Simple preparations can keep you healthy on holiday trips
Traveling over the holidays? Here are some suggestions to help you stay healthy while you are away.
Special to The Times
With Thanksgiving now behind us, 2013 is fast coming to a close. December tends to be full of shopping, holiday parties and time with friends and family near and far.
If you are going away for the holidays, here are some suggestions for a smoother, healthier trip.
Avoid medication emergencies: Check your prescriptions and count your pills at least a week before you leave. If you don’t have enough to last the whole trip (plus a day or two in case of weather delays), make sure to call your pharmacy for a refill.
Keep a copy of your medication list — with dosages and how often you take them — in your wallet or purse. It can come in handy if there is an emergency. And if you already have a hard time remembering to take your pills regularly, it only gets more difficult on vacation. Try setting a timer on your cellphone to remind you when to take your pills.
Prevent dehydration: This can be particularly challenging on long flights and worse if you drink alcohol before or on your flight. If you generally don’t drink enough water, be proactive and start drinking more a few days before your trip. Over-the-counter stool softeners can also help if you tend to get constipated. A moisturizer like Cetaphil or Eucerin can keep skin moist and supple. Aquaphor ointment is great for chapped lips or patches of dry skin.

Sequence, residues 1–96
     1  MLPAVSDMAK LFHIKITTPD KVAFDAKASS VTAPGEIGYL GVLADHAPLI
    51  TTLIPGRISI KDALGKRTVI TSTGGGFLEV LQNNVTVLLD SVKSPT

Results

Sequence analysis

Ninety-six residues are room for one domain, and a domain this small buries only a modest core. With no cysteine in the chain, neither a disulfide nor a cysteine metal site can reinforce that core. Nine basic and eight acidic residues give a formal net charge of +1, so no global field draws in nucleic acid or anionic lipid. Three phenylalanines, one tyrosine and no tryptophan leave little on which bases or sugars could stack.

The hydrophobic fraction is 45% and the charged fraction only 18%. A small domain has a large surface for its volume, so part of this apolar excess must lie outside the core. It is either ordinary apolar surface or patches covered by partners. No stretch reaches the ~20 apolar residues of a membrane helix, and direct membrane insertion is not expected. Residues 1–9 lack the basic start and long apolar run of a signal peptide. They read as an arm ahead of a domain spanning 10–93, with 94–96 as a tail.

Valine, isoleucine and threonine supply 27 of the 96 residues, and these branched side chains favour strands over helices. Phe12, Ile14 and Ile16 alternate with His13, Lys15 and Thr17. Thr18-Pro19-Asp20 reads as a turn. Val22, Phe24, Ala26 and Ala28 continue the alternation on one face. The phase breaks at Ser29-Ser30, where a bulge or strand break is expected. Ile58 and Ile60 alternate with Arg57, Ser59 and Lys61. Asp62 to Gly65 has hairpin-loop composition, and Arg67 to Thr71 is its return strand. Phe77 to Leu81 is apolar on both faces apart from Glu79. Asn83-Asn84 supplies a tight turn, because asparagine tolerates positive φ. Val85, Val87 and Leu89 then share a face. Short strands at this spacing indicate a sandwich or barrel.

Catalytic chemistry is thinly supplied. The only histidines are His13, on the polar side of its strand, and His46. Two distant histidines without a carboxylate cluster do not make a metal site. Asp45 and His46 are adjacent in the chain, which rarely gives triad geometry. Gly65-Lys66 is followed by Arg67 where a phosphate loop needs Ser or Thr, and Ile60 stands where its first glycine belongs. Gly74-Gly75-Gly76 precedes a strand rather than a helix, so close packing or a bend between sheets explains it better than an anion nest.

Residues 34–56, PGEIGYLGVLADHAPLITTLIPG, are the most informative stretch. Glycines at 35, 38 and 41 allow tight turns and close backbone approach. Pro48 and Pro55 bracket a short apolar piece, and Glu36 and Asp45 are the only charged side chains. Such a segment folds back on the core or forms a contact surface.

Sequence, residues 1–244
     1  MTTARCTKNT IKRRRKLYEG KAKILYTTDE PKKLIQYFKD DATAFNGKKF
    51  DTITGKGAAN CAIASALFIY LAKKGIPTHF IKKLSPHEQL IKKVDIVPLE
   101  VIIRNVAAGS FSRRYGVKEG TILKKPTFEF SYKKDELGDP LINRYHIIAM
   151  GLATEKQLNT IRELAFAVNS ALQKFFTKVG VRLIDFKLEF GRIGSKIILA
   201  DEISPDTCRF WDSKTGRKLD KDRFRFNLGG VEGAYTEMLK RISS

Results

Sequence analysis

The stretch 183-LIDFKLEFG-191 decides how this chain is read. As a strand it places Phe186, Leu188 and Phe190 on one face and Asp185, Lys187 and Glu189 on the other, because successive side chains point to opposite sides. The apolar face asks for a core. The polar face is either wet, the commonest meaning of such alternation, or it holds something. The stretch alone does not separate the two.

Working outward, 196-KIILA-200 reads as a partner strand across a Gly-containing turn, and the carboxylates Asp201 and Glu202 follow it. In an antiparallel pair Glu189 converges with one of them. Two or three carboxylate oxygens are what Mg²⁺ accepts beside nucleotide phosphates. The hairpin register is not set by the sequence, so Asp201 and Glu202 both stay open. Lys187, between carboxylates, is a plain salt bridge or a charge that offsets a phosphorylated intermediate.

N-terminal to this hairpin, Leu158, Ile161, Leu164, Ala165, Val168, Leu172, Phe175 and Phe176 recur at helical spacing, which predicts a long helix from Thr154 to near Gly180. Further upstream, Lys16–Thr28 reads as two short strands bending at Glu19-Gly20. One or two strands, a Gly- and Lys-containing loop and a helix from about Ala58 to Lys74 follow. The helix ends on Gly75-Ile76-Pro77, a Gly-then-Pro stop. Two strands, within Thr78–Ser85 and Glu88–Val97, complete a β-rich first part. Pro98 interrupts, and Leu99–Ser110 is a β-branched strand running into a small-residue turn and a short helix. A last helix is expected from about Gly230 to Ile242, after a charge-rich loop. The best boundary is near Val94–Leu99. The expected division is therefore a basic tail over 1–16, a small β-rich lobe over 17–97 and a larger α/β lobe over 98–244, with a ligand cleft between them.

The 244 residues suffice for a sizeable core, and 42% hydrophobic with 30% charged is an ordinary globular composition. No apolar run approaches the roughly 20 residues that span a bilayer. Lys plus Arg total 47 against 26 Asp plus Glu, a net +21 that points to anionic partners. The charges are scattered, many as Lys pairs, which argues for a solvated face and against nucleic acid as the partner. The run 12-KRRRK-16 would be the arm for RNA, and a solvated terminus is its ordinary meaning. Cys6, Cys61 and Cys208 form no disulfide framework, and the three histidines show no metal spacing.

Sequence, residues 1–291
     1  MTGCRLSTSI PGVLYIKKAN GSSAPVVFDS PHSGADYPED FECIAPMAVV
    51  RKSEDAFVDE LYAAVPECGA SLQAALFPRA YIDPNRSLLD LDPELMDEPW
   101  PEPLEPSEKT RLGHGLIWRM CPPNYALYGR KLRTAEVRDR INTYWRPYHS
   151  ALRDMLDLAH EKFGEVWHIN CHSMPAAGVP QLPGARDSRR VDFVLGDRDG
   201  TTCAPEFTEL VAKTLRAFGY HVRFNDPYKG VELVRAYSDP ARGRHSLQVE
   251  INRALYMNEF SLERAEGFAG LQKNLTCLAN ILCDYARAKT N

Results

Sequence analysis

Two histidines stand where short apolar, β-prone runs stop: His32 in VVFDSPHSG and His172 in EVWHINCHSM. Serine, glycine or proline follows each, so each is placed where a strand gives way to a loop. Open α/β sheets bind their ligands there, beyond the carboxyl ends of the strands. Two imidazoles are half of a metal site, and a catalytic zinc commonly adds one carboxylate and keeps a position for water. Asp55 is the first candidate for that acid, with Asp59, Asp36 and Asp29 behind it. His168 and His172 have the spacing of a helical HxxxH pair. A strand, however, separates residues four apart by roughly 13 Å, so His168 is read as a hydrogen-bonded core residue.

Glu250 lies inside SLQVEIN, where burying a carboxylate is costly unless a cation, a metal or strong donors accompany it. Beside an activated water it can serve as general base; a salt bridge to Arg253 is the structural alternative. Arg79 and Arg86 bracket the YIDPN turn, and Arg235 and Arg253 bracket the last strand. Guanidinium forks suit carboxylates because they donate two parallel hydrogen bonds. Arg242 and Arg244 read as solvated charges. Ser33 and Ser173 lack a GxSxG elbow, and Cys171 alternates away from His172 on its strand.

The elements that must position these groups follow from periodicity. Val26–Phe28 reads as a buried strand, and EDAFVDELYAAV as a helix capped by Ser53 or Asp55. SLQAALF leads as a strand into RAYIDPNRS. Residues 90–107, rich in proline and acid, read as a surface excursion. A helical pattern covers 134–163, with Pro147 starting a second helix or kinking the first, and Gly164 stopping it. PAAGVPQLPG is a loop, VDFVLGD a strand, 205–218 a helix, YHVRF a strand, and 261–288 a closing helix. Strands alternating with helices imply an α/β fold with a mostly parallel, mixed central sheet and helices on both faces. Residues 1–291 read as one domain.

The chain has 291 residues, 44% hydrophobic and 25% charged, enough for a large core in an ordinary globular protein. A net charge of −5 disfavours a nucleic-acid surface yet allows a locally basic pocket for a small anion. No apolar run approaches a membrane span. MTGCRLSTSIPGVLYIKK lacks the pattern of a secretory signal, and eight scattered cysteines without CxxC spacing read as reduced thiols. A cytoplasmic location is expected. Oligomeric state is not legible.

Minimize leg swelling: Reduce fluid retention by eating lower-sodium foods starting a few days before the trip. Over-the-counter compression stockings help prevent mild leg swelling, which is common when flying. Long flights increase the risk of developing blood clots, particularly if you smoke or are on birth control. Get up and walk around every hour or two. When in your seat, stretch your legs and move your feet up and down and in circles periodically.
Change your resolution date: Dec. 1 is the perfect time to start working on a more healthful diet, especially if you tend to gain a few pounds every holiday season. Getting a head start will make it easier by the time the new year rolls around. Join a gym now, which is almost guaranteed to be less crowded (and maybe less expensive) than it will be in January.
If you’ve already been getting some traction with exercise, don’t lose the momentum. Try to make it a point to walk more and eat less if there isn’t a gym at your destination.
Prevent influenza: People often travel this time of year despite being sick, and we can’t always control with whom we come in contact. It’s neither too late nor too early to get the flu shot to protect yourself and others. Wash your hands often and keep a travel-sized hand sanitizer with you. Consider wearing a mask if you’re coughing or sneezing.
May you have safe travels, good health, the warmth of loved ones this holiday season and all the best in the coming new year.
Linda Pourmassina, M.D., is an internal-medicine physician who practices at The Polyclinic in Seattle. She has a blog at pulsus.wordpress.com and can also be found on Facebook and on Twitter (@LindaP_MD).